The Importance of Knowing Infant and Child CPR

importance of knowing infant & child cpr

For new parents, it can be a moment of joy to have their first child. But at the same time, it also comes with a lot of worries and concerns about your child’s wellbeing. According to research, one of the main concerns among parents is confronting a scenario where they might need to implement infant or child CPR. So if you also feel overwhelmed, let’s dig deeper into the importance of knowing infant and child CPR. 

It takes two hours of your time to learn the skills that could save your child’s life. After all, newborns don’t exactly come with an instruction manual & you would need to learn about them to be prepared. And one thing that you must know about is infant and child CPR (cardiopulmonary resuscitation).

I know it can be scary to even think about performing CPR on your child, let alone someone else’s child. But if done correctly, there’s no doubt that CPR can save a child’s life! From the moment a call is made to emergency services till their arrival, it can take some time. During this time period, performing CPR can restore breathing and circulation in the body.

cpr for children

What is Infant & Child CPR?

Cardiopulmonary resuscitation—also known as CPR—is a technique that is applied when the breathing and heartbeat of a person stops. This emergency procedure consists of chest compressions often combined with artificial ventilation in an effort to manually preserve intact brain function.

CPR contains two main steps: (1) Chest Compressions and (2) Rescue Breathing. Chest compressions are provided to keep the blood circulation moving as the heart stops pumping. Similarly, rescue breathing is provided to give oxygen to the lungs as the person can no longer breathe.

In CPR training, an infant is less than 1 year (12 months) old. Similarly, a child is someone who is older than 1 year but has yet to reach puberty.

You may already know about CPR, if you have taken emergency response classes. In fact, it is common to witness the practice of CPR in movies and TV, as well. However, there’s just one problem with that. Infant/child CPR is very different from adult CPR!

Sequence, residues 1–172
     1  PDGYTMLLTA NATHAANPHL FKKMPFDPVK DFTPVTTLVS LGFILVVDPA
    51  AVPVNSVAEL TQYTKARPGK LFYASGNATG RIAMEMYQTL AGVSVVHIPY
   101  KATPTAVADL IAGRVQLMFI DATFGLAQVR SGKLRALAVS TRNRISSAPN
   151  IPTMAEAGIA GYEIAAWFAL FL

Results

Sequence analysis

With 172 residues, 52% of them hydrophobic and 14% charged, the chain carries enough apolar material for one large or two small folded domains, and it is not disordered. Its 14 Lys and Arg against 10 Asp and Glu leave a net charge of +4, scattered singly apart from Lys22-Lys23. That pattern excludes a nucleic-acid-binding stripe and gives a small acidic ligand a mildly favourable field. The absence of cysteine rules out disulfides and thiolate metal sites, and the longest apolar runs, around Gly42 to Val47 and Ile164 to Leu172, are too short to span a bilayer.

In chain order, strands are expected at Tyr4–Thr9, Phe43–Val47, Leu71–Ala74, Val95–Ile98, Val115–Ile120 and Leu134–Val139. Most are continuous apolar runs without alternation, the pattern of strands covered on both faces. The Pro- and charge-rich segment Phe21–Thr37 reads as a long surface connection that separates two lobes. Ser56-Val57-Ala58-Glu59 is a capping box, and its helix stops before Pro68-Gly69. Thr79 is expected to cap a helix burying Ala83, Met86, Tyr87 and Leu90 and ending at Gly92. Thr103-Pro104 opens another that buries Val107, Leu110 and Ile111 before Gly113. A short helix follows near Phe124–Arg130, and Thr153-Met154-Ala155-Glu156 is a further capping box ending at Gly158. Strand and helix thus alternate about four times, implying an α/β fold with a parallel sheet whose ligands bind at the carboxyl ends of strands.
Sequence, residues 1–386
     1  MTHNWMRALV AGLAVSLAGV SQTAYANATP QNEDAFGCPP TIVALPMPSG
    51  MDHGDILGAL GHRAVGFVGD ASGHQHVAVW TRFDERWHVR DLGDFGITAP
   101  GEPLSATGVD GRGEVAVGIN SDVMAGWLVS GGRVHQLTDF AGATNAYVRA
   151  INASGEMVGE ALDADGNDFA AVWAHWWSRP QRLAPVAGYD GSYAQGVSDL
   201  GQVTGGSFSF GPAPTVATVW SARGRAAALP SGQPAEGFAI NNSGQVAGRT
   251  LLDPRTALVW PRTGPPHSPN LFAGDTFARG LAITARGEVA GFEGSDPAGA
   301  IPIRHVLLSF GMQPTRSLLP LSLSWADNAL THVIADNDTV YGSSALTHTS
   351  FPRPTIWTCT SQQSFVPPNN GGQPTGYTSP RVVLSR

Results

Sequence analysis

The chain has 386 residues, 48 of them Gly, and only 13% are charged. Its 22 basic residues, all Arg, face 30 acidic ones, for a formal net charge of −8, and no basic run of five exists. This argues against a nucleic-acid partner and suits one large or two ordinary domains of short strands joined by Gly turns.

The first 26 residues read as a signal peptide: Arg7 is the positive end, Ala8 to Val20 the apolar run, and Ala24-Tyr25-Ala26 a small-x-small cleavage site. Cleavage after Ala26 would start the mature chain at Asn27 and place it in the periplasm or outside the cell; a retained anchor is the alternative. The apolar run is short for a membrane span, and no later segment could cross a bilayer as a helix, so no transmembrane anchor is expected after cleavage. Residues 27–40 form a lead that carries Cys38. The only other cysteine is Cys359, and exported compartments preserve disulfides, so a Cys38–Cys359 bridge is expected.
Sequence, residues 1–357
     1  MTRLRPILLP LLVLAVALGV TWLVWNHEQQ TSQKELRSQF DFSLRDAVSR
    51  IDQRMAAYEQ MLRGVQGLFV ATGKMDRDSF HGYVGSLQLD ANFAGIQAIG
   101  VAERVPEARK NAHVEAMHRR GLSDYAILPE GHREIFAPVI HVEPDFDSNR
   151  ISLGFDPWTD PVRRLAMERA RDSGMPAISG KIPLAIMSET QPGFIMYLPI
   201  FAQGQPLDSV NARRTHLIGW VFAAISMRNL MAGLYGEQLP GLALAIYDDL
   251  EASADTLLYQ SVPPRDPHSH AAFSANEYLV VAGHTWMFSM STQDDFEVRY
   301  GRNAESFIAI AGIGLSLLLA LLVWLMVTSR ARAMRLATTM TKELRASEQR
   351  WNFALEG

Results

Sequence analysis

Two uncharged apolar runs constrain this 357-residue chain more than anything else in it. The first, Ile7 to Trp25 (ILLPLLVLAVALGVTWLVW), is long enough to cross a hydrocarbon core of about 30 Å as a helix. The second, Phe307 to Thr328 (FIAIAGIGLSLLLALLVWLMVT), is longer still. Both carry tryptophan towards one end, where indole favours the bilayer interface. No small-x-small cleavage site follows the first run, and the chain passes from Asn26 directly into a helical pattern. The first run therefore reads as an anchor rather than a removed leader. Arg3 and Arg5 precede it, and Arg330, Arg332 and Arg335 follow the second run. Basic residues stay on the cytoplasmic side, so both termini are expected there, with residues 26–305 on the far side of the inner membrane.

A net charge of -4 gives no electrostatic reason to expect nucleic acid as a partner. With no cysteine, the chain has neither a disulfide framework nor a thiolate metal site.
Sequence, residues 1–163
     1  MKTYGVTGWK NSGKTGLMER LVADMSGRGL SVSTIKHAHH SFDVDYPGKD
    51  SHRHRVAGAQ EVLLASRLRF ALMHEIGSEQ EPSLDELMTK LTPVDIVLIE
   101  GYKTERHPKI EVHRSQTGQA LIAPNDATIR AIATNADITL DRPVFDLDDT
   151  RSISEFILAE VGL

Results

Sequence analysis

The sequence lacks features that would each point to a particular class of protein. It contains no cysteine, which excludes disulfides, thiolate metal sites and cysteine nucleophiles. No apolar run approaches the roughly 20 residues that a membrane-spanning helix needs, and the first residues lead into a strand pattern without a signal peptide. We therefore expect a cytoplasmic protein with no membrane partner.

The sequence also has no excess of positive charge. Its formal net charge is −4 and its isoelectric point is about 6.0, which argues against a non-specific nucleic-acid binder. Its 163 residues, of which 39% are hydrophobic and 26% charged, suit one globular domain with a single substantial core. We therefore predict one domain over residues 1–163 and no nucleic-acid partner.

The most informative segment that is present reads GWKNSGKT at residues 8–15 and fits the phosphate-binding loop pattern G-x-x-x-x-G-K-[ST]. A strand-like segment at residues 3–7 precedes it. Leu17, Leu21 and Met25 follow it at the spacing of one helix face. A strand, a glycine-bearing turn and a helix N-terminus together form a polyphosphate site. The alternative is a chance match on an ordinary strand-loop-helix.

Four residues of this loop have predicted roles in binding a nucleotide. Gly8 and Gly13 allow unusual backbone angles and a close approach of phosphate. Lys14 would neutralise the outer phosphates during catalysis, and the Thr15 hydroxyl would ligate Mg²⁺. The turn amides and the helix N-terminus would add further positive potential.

One of the key differences between adult and infant/child CPR is the intensity. In adults, both hands are used for chest compression. But the intensity of chest compression is lower in infants and children. Similarly, the rescue breathing duration and frequency are also lower in toddlers and babies.

So if you have yet to learn the technique of CPR in children, then it is high time to join a nearby infant CPR class with a certified instructor.

The best way to learn about infant/child CPR is to find some helpful material online. This can include some helpful websites or even a YouTube tutorial. Once you are acquainted with the technique and the processes involved in it, you can then join a nearby infant-child CPR training class and become certified.


Difference between Infant & Child CPR

Yes, just like there’s a difference between adult and infant/child CPR, there’s also a difference between infant and child CPR!

As mentioned earlier, an infant is less than 1 year old, and a child is someone who is between the ages of 1 year to puberty.

That’s why in children, only one hand is used for chest compression. And for infants, only two fingers are used for chest compression.

For rescue breathing in children, pinch their noses shut and then breathe into their mouths gently. And for infants, you can use your mouth to cover the mouth and nose by creating a seal.


Reasons for CPR Administration on Infants/Children

Adults usually need CPR because of cardiac arrest, usually resulting from a heart attack. But in children and infants, it is usually due to a respiratory issue that can lead to cardiac arrest if not solved quickly.

Some of the reasons why a child/infant’s heart may stop breathing are:

  • Choking
  • Suffocation
  • Smoke Inhalation
  • Obstructive Apnea
  • Drowning
  • Asthma
  • Head Trauma


Why Is It Important To Learn Infant/Child CPR?